Congress races to save $52bn in subsidies for chipmakers

    Members of Congress are considering sacrificing billions of dollars’ worth of proposed investment in advanced technologies such as artificial intelligence in a last-ditch deal to fund $52bn in subsidies for chipmakers instead.

    The chip section in the broader China-focused US Innovation and Competition Act was supposed to be Washington’s long-term solution to the huge bottleneck in chip manufacturing that has clogged up international supply chains in recent years. One company in Taiwan — Taiwan Semiconductor Manufacturing Company — accounts for half of all global chipmaking revenues.

    The legislation aims to solve that by offering a range of grants and tax breaks to companies that build chipmaking plants in America. But those subsidies hang in the balance after Mitch McConnell, the Republican leader in the Senate, threatened to block the wider USICA, which is aimed at countering Chinese economic and technological power.

    With lawmakers tussling over the details, companies are threatening to move their investment elsewhere — leaving some in Congress to consider radically reducing the scope of the bill in a bid to get the subsidies through in time.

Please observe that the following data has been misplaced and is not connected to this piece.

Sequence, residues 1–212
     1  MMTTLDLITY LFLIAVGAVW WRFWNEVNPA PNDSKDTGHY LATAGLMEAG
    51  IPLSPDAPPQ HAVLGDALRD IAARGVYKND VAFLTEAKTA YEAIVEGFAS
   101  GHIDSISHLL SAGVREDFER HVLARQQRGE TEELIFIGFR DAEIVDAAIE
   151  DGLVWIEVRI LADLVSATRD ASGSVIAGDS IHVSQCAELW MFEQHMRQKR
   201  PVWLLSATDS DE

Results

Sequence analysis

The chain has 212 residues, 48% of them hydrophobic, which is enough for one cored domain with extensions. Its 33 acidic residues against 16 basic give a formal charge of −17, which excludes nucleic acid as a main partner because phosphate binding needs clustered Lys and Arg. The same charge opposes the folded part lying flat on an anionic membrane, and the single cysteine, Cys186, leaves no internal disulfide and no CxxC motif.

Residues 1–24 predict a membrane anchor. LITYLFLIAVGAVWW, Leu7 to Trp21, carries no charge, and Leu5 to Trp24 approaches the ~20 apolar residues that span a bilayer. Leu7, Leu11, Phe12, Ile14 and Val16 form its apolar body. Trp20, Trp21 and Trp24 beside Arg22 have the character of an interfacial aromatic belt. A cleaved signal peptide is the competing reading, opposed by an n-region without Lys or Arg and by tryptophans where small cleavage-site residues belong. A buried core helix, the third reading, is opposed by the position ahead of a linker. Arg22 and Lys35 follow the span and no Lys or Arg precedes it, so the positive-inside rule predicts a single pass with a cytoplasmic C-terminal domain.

One senior Democratic aide involved said: “Members are coalescing around a slimmed-down version of the bill. Everybody agrees we need to do this, but we only have a couple of weeks to do so in order to make sure the planned investments happen.”

    John Neuffer, the chief executive of the Semiconductor Industry Association, which has been helping organise the lobbying effort, said: “This is a scary moment. It is not clear how this is going to play out.

    “There is a window now when companies are making their investment decisions for the next few years, but that window closes in a few months.”

    Washington has been concerned about US reliance on microchips made in Taiwan for years, but the unease has been exacerbated over the past 12 months by China’s increasingly aggressive behaviour around the island.

    Last year members of Congress passed the Chips for America Act, which offers companies grants and tax credits for chipmaking and research. A separate one, known as the Fabs Act, offers tax credits for investment in chipmaking facilities. Congress has passed the Chips Act but not authorised the $52bn needed to fund it.

    That authorisation and the Fabs Act were part of the separate USICA, which also included funding for AI, quantum computing, 5G and US-made drones.

    McConnell put that entire bill in question last month when he wrote on Twitter that he was prepared to block USICA if the Democrats pushed ahead with proposals such as drug pricing reforms through a separate legislative process known as reconciliation, which would prevent McConnell and the Republicans from filibustering it.

    The tweet set off a frantic round of lobbying from the bill’s supporters in the industry and in Congress.